## Radar Charts

Radar charts are useful when you want to look at several
different factors all related to one item. Radar charts have
multiple axes along which data can be plotted. For example, you
could use a radar chart to compile data about a wide receiver on
a professional football team. On one axis, you could plot the
percentage of passes caught. Another axis would show his yards
per completion; another, his completions per 100 plays; another,
blocks made; and a final axis might show his interceptions.

If a team did this for all their wide receivers, they could
easily spot the best player as well as each player's strengths
and weaknesses.

In a radar chart, a point close to the center on any axis
indicates a low value. A point near the edge is a high value. In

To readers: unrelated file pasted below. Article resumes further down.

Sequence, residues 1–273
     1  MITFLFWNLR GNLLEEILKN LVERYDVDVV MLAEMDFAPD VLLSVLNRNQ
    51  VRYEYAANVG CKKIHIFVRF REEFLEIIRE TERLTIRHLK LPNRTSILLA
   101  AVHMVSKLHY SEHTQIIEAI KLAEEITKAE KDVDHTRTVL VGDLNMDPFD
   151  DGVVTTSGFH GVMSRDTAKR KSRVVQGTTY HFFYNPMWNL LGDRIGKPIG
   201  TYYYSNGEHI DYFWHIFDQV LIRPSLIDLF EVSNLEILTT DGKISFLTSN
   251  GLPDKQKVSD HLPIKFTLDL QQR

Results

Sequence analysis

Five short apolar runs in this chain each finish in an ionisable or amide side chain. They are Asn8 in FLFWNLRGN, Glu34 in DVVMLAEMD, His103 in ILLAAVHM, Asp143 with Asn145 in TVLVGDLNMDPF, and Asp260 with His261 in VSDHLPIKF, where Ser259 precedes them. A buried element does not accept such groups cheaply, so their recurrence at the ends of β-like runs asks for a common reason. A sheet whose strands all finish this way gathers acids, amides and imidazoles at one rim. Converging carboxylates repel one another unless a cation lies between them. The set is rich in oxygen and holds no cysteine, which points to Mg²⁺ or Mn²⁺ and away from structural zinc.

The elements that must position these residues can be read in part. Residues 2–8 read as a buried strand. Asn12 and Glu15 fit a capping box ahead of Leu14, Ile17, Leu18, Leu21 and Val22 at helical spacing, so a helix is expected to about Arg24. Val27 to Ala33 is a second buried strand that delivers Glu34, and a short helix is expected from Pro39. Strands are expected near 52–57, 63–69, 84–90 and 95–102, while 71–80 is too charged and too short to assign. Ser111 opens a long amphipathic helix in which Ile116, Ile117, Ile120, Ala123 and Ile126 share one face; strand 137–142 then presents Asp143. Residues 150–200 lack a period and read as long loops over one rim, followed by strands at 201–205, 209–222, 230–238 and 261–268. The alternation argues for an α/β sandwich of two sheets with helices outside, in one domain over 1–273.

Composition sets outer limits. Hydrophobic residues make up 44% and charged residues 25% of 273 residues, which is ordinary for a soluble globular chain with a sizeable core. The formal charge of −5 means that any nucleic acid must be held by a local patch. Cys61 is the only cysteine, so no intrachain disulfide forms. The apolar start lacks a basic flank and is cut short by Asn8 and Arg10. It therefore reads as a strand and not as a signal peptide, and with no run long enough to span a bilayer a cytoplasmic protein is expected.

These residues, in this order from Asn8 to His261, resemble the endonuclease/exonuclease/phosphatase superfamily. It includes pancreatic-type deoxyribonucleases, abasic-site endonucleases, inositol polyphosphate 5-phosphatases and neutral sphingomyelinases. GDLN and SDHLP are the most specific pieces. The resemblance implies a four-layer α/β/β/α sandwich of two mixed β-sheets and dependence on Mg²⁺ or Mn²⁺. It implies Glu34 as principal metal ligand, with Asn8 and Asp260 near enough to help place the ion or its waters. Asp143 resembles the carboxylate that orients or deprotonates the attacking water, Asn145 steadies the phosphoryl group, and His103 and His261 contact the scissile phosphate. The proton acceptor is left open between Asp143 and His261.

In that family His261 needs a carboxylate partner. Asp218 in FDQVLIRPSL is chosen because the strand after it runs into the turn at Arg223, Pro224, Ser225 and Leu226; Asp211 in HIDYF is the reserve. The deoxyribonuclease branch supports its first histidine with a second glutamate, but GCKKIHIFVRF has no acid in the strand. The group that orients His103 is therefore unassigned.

the football example, we would high marks near the outside due to
the nature of what was being measured. In other scenarios, you
might want points near the center, or low values. When you're
interpreting a radar chart, check each axis as well as the
overall shape to see how well it fits your goals.

#### Radar chart
statistics:

For the radar chart, the following statistics are
calculated:

**Mean:** |
the average of all the values in the
series. |

**Maximum:** |
the maximum value in the
series. |

**Minimum** |
the minimum value in the
series. |

**Sample Size** |
the number of values in the
series. |

**Range** |
the maximum value minus the minimum
value. |

**Standard Deviation** |
Indicates how widely data is spread
around the mean |

Create Radar Charts using PathMaker's Data Analyst tool.